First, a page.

Tax Forms Used When Selling a Business

The following tax forms are typically used when selling a business:

  • Form 8594, Asset Acquisition Statement
  • Form 4797, Sales of Business Property
  • Schedule D, Capital Gains and Losses
  • Form 6252, Installment Sale Income

Form 8594

Form 8594 is used to report the sale and purchase of a group of assets that constitute a business. On Form 8594 the total selling price of the business is allocated to the various asset classes transferred in the sale. The residual method is used to allocate the total selling price among the various asset classes.

Seven Asset Classes:

There are seven asset classes indicated on Form 8594. Both the seller and purchaser must each file Form 8594 with the IRS to report :

  • The purchaser's depreciable basis in the assets transferred, and
  • How the seller determined gain or loss.

The values entered on the seller's and purchaser's copy of Form 8594 must be identical.

Form 4797

Form 4797 is used to determine gains and losses on the sale of business property.

  • Section 1231 losses for each property are entered in Part I, line 2.
  • Section 1231 gains for each property are entered in Part III, line 19.
  • Part II is used to report ordinary gains and losses for certain items.

If you have more properties than the form can accommodate, use additional forms. Once you enter the losses and gains in the appropriate parts of Form 4797, follow the instructions printed on the form to see how to report gains and losses.

Schedule D

Schedule D is generally used to report long-term and short-term capital gains and losses on the sale of securities (e.g., stocks and bonds). However, a net gain on section 1231 assets from Form 4797 is also entered on Schedule D as a long-term capital gain.

Is Form 8949 Used to Report a Section 1231 Gain?

No.

A Section 1231 gain is reported on Form 4797, Sales of Business Property and on Schedule D, Capital Gains and Losses. Note that even though Section 1231 assets are not classified as capital assets (they are non-capital assets), a Section 1231 gain is reported as a long-term capital gain on Schedule D..

Background:

Form 8949, Sales and Other Dispositions of Capital Assets is a relatively new form that was introduced by the IRS in 2011. Before 2011, capital gains and losses on the disposal of capital assets (i.e. stock and bonds) were reported directly on Schedule D. Now, gains and losses on capital assets are reported on both Form 8949 and Schedule D. The totals on Form 8949 are carried to Schedule D.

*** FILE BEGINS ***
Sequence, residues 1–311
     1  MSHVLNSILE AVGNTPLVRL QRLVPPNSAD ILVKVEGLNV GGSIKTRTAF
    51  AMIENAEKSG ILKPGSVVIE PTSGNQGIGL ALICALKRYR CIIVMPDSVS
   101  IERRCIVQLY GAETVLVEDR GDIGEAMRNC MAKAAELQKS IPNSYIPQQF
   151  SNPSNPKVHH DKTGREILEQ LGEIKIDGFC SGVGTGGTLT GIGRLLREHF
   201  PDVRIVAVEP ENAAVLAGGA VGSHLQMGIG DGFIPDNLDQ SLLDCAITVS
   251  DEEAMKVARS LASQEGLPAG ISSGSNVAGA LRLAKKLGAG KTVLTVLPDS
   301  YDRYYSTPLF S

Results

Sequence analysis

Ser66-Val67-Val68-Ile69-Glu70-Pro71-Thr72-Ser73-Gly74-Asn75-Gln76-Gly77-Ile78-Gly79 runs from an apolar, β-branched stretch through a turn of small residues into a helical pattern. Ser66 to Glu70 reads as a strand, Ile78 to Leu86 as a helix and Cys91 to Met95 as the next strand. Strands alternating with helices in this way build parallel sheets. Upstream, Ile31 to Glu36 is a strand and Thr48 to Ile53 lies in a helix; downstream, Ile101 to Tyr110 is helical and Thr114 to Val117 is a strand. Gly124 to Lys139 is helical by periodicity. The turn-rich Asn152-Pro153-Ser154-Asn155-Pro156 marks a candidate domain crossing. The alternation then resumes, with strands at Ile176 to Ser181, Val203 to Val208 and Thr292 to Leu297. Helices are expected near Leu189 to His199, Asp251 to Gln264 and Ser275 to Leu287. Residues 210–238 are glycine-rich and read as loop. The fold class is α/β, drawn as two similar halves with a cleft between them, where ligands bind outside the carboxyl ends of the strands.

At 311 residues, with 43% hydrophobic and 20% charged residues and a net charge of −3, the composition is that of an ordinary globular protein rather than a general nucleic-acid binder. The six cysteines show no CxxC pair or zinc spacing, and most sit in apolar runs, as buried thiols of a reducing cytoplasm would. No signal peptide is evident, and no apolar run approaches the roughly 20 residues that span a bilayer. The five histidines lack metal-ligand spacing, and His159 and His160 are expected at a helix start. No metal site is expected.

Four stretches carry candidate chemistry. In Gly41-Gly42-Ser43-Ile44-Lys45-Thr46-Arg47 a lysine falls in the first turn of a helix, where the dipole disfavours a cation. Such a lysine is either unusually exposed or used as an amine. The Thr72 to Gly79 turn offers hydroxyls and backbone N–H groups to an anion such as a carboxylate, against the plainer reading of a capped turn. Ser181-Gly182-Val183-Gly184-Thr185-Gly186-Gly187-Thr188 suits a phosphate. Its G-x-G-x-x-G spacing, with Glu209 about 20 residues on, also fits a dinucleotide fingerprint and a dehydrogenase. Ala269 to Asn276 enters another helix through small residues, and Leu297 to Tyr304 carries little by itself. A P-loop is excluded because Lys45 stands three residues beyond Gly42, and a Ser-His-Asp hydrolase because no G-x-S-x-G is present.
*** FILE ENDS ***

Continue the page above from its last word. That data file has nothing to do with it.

Section 1231 property includes real and depreciable business property held more than one year at the time of disposal (i.e. machinery, equipment, furniture, and fixtures). Depreciable business assets are not classified as capital assets; they are non-capital assets..

Despite the fact that Section 1231 assets are non-capital assets, special tax treatment under IRC section1231 allows a net Section 1231 gain on the disposition of a Section 1231 asset to be reported on Schedule D as a long-term capital gain, and a net Section 1231 loss to be reported as an ordinary loss rather than a capital loss.

This means, a net Section 1231 gain receives favorable capital gains treatment, and a net Section 1231 loss is fully deductible as an ordinary loss in the year incurred, rather than being subject to the annual $3,000 deduction limit applicable to net capital losses.

Form 6252

If you receive one or more payments from the sale of your business in the year following the year of sale, it is an installment sale and Form 6252 must be filed.

Keep in mind, recaptured depreciation for all related property sold, (including the first year expensing deduction) must be reported in the year of sale as ordinary income even if you receive no payment until the following year.

Form 4797 is used to figure depreciation recapture. Any gain in excess of recapture income on Form 6252 is reported under the installment method.

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